Members · Prefs · Laboratory · Collections · Openings · Endgames · Sacrifices · History · Search Kibitzing · Kibitzer's Café · Chessforums · Tournament Index · Players · Kibitzing
Oldrich Duras vs Matteo Gladig
Match (1909), Trieste AUH, rd 2, Nov-??
Spanish Game: Morphy Defense. Anderssen Variation (C77)  ·  1-0



Get this game explained with Decode Chess
explore this opening
find similar games 1 more Duras/M Gladig game
sac: 25.Rxd8+ PGN: download | view | print Help: general | java-troubleshooting

TIP: You can get computer analysis by clicking the "ENGINE" button below the game.

PGN Viewer:  What is this?
For help with this chess viewer, please see the Olga Chess Viewer Quickstart Guide.

Kibitzer's Corner
Dec-16-19  SamAtoms1980: Black probably draws this if he doesn't take the bishop right before the combo. 24....Qf5 25.Nxe6 Qxe6 26.Rxd8 and it's a level position
Dec-16-19  tjshann: Rook takes Bishop. When the dust is settled, White is up the exchange with some work yet to be done
Premium Chessgames Member
  agb2002: White has two rooks for the queen, a bishop and a pawn.

Black threatens Ke7.

The position of the black king and queen allow two double attacks: 25.Rxd8+ Qxd8 26.Nxe6+ ends up an exchange ahead.

Dec-16-19  lost in space: 25.Rxd8+ Qxd8 26.Nxe6+ and thats it
Dec-16-19  saturn2: 25. Rxd8+ Qxd8 (Ke7 26. Rxd3) 26. Nxe6+ Ke7 27. - Nxd8 Kxd8 and white is an exchange up
Dec-16-19  Carrots and Pizza: What about a fried liver attack at move 9?

9.Nxf7 Kxf7 10.Qf3+ Ke6 11.Nc3

Looks pretty good to me!

Dec-16-19  Walter Glattke: 25.Rxd8+ Qxd8 26.Nxe6+ Ke7 27.Nxd8 Kxd8
Premium Chessgames Member
  An Englishman: Good Evening: 5.d3 poses surprisingly tricky problems. Black had to play 6...Be7 or ...Bc5, and after 8.exd5,Nd4 looks like his best hope. Either way, a bunch of Black pawns seem to meet an early demise in return for a counterattack.
Dec-16-19  mel gibson: Pretty easy with a nice Knight fork.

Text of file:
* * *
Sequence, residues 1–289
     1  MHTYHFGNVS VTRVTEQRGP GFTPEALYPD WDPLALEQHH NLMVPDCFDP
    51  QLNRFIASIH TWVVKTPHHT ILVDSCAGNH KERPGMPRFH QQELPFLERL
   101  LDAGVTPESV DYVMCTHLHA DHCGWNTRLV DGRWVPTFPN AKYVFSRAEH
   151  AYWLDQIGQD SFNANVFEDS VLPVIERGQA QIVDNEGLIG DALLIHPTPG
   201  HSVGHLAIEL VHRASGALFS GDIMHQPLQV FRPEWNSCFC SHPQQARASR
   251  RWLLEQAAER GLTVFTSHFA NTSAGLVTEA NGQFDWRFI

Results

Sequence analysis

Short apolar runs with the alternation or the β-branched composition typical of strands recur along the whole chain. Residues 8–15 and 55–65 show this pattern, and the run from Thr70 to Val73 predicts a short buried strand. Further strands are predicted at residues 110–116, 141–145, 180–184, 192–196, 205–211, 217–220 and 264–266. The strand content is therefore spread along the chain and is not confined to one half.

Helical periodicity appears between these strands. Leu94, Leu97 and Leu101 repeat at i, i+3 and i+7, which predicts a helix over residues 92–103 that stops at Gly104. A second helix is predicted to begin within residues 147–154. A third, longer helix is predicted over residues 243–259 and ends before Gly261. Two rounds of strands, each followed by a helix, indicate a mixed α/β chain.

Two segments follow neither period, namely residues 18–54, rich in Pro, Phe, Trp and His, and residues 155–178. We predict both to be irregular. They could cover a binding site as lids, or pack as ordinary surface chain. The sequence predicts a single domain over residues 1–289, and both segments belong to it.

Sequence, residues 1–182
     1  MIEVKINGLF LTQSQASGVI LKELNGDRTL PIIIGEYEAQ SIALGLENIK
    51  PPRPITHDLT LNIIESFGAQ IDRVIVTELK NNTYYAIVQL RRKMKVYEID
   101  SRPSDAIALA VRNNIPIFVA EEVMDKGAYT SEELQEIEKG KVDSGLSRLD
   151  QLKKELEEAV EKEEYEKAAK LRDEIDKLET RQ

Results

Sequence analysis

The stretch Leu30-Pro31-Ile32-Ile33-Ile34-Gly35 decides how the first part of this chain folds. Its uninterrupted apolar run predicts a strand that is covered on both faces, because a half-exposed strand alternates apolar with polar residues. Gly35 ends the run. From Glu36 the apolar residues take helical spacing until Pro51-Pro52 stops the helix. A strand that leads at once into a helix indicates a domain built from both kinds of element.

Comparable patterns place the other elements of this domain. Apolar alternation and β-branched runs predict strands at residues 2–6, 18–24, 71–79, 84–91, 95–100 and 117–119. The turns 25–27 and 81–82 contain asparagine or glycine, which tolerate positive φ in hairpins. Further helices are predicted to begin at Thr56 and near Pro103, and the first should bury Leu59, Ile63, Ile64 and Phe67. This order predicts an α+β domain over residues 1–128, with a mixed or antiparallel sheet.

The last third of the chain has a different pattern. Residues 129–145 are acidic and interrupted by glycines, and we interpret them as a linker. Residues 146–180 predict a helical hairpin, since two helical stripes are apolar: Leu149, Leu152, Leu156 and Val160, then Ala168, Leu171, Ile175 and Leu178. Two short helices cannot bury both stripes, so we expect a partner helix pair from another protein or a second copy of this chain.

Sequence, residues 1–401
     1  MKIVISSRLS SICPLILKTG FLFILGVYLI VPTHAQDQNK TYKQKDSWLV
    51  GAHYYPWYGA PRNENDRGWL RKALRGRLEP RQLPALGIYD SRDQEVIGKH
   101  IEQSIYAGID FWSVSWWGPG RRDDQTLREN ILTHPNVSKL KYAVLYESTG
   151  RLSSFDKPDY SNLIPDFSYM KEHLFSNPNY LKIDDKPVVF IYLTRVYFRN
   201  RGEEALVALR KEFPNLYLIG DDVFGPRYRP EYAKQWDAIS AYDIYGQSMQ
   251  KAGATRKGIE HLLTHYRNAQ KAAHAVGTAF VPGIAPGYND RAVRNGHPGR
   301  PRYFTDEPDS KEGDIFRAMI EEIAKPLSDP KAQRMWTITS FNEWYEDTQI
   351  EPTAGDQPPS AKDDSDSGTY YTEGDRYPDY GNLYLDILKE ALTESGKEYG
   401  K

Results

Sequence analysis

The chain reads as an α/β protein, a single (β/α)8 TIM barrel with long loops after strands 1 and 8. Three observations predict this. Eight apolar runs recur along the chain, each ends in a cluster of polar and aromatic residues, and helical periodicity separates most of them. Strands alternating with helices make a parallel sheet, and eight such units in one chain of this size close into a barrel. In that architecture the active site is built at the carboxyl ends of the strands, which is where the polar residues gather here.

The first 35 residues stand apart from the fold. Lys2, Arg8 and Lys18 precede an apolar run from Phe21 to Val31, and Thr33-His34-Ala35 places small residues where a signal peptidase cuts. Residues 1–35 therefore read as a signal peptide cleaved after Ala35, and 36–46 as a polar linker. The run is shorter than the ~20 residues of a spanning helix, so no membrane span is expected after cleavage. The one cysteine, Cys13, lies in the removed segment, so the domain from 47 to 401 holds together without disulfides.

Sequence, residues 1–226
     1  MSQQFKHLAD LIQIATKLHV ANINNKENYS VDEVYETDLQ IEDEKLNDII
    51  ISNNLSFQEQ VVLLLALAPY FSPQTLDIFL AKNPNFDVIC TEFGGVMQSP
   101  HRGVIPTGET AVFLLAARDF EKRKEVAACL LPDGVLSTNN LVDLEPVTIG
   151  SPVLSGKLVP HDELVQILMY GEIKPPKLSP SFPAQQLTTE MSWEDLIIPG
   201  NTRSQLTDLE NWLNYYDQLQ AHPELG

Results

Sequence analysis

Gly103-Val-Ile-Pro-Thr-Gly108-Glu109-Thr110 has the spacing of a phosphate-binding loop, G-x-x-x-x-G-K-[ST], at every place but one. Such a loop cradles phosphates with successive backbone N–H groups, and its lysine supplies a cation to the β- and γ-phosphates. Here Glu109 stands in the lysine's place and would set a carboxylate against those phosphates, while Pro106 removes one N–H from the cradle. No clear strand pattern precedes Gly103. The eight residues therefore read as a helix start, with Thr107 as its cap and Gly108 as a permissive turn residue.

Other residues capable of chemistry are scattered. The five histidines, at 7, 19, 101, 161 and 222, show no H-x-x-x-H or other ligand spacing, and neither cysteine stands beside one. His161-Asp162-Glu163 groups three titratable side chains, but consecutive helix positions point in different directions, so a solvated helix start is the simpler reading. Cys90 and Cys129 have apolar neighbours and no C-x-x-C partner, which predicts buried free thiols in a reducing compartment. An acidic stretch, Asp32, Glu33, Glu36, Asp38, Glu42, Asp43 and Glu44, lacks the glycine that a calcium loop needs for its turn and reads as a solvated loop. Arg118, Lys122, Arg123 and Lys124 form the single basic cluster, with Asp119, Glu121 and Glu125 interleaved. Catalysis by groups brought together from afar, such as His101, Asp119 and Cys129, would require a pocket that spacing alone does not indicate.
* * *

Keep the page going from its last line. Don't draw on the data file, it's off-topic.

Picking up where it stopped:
Stockfish 10 says:

25. Rxd8+

(25. Rxd8+ (♖a8xd8+ ♕d3xd8 ♘g5xe6+ ♔f8-e7 ♘e6xd8 ♔e7xd8 ♖a1-a5 ♔d8-e7 ♖a5xb5 ♔e7-d6 ♔g1-f1 e5-e4 ♔f1-e2 ♘f6-d5 ♖b5-b8 ♘d5-f6 h2-h4 ♔d6-e6 ♖b8-h8 ♔e6-e5 ♖h8-c8 ♔e5-d6 ♔e2-e3 ♔d6-e5 g2-g3 g7-g6 ♔e3-d2 ♔e5-d6 ♔d2-e2 ♔d6-d7 ♖c8-h8 ♔d7-e6 ♔e2-e3 ♔e6-e5 ♖h8-c8 h7-h5 ♔e3-e2 ♘f6-d5 ♖c8-e8+ ♔e5-f5 ♖e8-a8 ♔f5-e5 ♖a8-a5 c7-c6 ♖a5-c5 ♔e5-d6 ♖c5-c4 ♘d5-f6 ♖c4-a4 ♔d6-e6 ♖a4-a6) +5.28/43 72)

score for White +5.28 depth 43

Premium Chessgames Member
  malt: 25.R:d8+ Q:d8 26.N:e6+ Ke7 27.N:d8 K:d8
Premium Chessgames Member
  agb2002: <An Englishman: Good Evening: 5.d3 poses surprisingly tricky problems.>

White missed a Fegatello-like attack starting with 9.Nxf7.

Premium Chessgames Member
  agb2002: I've just noticed <Carrots and Pizza>'s post with the same idea.
Dec-16-19  TheaN: Black was way too greedy on move 24, considering he'd go up material with Kxf8. Obviously he doesn't, penalized with the winning <25.Rxd8+ Qxd8 (else Rxd2 +-) 26.Nxe6+ Ke7 27.Nxd8 Kxd8 +->.

Here I was convinced White's done and even without the followup he is, but he can deliver the coup de grace immediately with 28.Ra5! c6 (else Rxb5) 29.Ra6, with either 29....c5 30.Ra5 +- or 29....Kd7 30.Ra7+ +- and White immediately wins a crucial pawn. White played Rc1 with similar ideas but had to work a bit harder, ending up giving back the exchange on move 37 for an easy win.

Exchange up positions can be tricky. Last Saturday I ended up with this position:

click for larger view